From the abstract:
“Mah Laqa Bai is one of Hyderabad’s most famous women. She was a poetess, singer and dancer, and political advisor during her time. She lived from 1768 until 1824 and was active during the era of the Second and Third Nizams (as rulers from the Asaf Jahi dynasty of Hyderabad state were known), and was one of the first women to author a full collection of Urdu ghazals (love poems).1 This chapter takes up the subject of Mah Laqa Bai and was originally written as a keynote address for the conference Dance Matters II. One of the questions this conference asked was, what remains of a dance when the performance is done? What are the traces of dance in the senses, memory, tradition or material objects?”
From the abstract:
“Shi’i devotion and Urdu poetry both flourished in unique ways in the Deccan region, but did these cultural phenomena allow new creativity for women? This question can be addressed by examining the courtesan Mah Laqa Bai (AH 1181–1240/1768–1824), one of the most powerful figures in the court of the second Nizam of Hyderabad, Nizam ‘Ali Khan (r. 1762–1803), and the third Nizam, Sikandar Jah (r. 1803–29), as well as being mistress to their prime ministers of Iranian descent. She was one of the first women poets to compile a full divan of Urdu ghazals and was adept at music and dance. This essay examines the issue of gender in her poetry and personality. It argues that she wrote as a woman but in the poetic male voice. She wrote at a time when Urdu in the Deccan region was being altered to conform to Mogul standards with heavy “Persianization” of its diction. The essay asks whether Deccani Urdu was a feminine language before this reform, as argued by some literary historians of the Deccan. It then asks whether Mah Laqa Bai had a feminist agenda as a women poet of the eighteenth century, as charged by some feminist scholars of the Deccan. The essay concludes that Mah Laqa Bai’s concept of the feminine was shaped by her role as a dancing female devotee of Imam ‘Ali, rather than by linguistic structures or political ideologies.”
An English translation of courtesan and poetess Mah Laqa Bai Chanda’s (1768-1824) Urdu ghazal, “Hoping to Blossom (One Day) Into a Flower” appears as follows in Vol. 1 of Women Writing in India:
Hoping to blossom (one day) into a flower,
Every bud sits, holding its soul in its fist.
Between the fear of the fowler and (approaching) autumn,
The bulbul’s life hangs by a thread.
Thy sly glance is more murderous than arrow or sword;
It has shed the blood of many lover.
How can I liken a candle to thy (glowing) cheek?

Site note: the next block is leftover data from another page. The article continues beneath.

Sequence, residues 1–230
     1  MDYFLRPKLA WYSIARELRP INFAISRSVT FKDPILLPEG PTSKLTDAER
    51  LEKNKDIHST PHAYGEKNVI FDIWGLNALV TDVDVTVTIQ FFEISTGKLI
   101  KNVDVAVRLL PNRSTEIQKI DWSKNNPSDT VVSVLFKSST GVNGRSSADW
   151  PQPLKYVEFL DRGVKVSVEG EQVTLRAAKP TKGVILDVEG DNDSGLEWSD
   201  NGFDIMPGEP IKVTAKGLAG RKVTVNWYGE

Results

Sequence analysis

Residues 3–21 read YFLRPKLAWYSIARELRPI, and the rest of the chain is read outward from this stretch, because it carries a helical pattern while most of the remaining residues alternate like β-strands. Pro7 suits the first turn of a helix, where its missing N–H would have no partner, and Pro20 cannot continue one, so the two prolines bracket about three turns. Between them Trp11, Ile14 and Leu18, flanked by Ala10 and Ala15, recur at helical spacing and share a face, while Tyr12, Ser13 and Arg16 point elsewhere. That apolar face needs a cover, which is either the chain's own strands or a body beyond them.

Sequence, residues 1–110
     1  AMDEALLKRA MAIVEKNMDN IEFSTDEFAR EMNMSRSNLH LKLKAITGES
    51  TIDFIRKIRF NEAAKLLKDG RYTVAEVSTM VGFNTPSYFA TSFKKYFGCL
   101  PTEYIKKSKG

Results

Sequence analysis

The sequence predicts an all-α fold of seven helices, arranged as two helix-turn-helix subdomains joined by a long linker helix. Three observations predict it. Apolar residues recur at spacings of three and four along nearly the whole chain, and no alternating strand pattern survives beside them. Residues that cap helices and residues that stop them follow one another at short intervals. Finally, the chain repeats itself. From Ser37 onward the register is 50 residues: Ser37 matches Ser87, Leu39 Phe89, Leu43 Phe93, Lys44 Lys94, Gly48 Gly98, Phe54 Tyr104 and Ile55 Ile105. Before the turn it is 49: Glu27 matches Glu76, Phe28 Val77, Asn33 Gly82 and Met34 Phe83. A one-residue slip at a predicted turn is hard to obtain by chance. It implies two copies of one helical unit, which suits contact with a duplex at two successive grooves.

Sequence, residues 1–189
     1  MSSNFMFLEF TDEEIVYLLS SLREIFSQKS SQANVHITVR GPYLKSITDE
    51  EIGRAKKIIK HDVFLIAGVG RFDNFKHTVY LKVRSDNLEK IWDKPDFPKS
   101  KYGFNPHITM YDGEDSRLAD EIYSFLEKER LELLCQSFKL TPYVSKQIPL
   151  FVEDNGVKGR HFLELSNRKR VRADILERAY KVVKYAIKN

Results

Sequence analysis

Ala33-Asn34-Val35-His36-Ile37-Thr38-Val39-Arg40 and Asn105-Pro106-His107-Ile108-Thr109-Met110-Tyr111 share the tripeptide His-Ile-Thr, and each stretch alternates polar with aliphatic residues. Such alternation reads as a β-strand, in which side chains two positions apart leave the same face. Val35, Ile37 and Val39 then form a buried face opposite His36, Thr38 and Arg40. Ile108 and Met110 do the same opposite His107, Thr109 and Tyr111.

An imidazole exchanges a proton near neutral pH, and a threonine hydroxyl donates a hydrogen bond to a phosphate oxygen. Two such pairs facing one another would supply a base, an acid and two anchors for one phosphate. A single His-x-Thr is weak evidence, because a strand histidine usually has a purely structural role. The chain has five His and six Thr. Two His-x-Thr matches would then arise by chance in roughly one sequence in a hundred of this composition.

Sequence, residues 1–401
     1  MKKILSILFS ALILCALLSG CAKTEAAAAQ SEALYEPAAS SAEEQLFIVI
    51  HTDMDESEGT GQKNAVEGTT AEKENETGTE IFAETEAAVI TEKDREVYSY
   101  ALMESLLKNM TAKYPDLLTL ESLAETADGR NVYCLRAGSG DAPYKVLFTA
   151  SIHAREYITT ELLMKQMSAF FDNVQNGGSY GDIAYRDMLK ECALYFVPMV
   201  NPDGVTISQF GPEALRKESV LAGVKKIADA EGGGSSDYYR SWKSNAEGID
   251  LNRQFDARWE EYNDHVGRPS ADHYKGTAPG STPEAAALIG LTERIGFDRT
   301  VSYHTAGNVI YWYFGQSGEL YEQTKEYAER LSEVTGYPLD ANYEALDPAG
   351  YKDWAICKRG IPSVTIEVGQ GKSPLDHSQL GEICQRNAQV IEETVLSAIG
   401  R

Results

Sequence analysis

The candle is blind with the fat in its eyes.
How can Chanda be dry lipped. O Saqi of the heavenly wine!
She has drained the cup of thy love.
- Note that “Saqi” translates to wine-server or wine-pourer; in Urdu poetry, “Saqi” may refer to a source of inspiration, or metaphorically to a deity who presides over the “temple” of drunkenness, or to the speaker’s beloved, or to God.
- A Bulbul is a Persian songbird that often represents a male lover.
- A rosebud (gul) conventionally symbolizes beauty or a sweetheart.
NOTES ABOUT GHAZALS
- In a Ghazal (this type of poem), couplets may or may not relate to each other thematically; rather, the connecting threads of the poem are typically found in the rhyme scheme. It is therefore difficult to capture the “essence” of a Ghazal in translation.
- Ghazals for Mah Laqa Bai Chanda’s contemporaries made use of conventional images and symbols, which would develop layered meanings for listeners who heard many Ghazals.
- Note the dangerous connotations of the poem: conventionally-romantic images like rosebuds, flowers, and candles contrast with more dangerous terms like “fist,” “life [hanging] by a thread,” and “murderous” arrows and swords. How do these terms represent love and lovers?
- If Chanda (Mah Laqa Bai’s pen name) is “dry lipped”, what does this mean for her as a performer? If Saqi’s love is the wine of inspiration, might that influence how we view romantic love in the rest of the poem? How can we read this connection between Love, Danger, and Inspiration?
- Considering the Love-Danger-Inspiration connecting themes, what does the “bud,” which often symbolizes a sweetheart, want to blossom into? And what’s holding the bud or sweetheart back?
- Is Saqi, addressed in the fifth and final couplet, also being addressed in the third and fourth?